Microsoft and Yahoo say 'I do'

Long-time rivals Microsoft and Yahoo have announced plans to merge their respective Instant Messaging (IM) networks in a bid to go head-to-head with IM-giant AOL.

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By  Cleona Godinho Published  October 13, 2005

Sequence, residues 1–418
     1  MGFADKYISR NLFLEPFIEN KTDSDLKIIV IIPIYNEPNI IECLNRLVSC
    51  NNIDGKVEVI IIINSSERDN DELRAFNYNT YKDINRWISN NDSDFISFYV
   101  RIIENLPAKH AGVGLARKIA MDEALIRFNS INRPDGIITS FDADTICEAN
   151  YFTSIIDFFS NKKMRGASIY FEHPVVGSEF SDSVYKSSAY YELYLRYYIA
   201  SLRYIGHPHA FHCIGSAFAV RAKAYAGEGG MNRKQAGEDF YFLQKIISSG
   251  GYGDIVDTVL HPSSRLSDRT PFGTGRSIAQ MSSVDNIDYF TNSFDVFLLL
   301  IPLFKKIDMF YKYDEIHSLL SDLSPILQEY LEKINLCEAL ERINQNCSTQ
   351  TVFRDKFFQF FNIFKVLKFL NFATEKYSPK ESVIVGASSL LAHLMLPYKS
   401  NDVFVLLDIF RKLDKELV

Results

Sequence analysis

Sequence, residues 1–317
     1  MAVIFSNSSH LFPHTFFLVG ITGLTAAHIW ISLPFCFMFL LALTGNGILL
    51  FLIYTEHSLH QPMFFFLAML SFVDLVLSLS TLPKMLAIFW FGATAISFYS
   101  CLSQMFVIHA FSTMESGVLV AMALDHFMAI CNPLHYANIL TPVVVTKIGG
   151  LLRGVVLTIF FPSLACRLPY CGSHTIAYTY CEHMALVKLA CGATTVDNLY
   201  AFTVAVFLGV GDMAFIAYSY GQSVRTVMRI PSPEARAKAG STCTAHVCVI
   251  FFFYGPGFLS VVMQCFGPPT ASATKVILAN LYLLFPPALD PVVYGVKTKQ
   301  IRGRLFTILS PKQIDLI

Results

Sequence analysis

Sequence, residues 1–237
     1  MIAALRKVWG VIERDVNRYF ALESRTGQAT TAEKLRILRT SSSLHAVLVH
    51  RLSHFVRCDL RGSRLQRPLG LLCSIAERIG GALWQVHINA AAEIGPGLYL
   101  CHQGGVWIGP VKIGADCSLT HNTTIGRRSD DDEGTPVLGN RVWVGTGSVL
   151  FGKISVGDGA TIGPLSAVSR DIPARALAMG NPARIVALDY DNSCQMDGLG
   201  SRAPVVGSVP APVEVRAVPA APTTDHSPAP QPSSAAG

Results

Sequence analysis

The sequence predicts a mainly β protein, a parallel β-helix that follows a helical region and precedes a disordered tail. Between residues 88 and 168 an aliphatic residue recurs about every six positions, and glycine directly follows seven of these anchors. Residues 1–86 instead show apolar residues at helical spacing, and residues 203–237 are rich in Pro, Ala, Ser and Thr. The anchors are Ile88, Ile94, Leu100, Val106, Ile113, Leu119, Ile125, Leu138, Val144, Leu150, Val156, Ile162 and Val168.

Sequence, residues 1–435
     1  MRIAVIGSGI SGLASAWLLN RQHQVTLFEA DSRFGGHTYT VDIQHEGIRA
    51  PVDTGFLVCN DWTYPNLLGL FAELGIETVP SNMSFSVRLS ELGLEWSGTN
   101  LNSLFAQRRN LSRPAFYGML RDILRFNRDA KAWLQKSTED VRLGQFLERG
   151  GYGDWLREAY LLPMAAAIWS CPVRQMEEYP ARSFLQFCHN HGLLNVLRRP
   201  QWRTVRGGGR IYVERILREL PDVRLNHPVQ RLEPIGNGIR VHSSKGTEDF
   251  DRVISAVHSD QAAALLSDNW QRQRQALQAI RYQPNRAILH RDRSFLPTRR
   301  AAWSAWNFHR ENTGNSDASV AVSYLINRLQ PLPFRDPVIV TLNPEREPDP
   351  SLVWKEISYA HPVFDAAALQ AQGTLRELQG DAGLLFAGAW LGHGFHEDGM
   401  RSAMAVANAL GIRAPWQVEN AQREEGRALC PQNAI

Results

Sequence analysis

Long-time rivals Microsoft and Yahoo have announced plans to merge their respective Instant Messaging (IM) networks in a bid to go head-to-head with IM-giant AOL. The prospective merger means global users of both online chat services will be able to communicate with each other without having to use third-party client software such as Trillian and Fire. If the merger is successful, it will result in the formation of the biggest IM community in the world with an estimated user base of over 275 million people. “Microsoft and Yahoo look forward to bridging the divide between our global communities, creating richer and easier ways for our customers to connect. IM interoperability is the right thing for our customers, our businesses and the industry as a whole, and Microsoft is delighted to help lead these efforts with Yahoo,” explained Steve Ballmer, Microsoft's chief executive. However, not everyone in the industry is thrilled about the merger. According to Informationweek.com, some security experts feel the merger will make the IM world an even bigger target for hackers. “As you increase the size of network, there's a greater chance that malicious code can spread. It's a bigger network effect,” explained Christopher Dean, senior vice president of business development of FaceTime – a US based internet security firm. “The malware writers discovered IM networks for the first time this year,” he added, “and once they discovered it, they're focusing on it. And yes, the Yahoo-Microsoft announcement will increase the spread of IM worms.”

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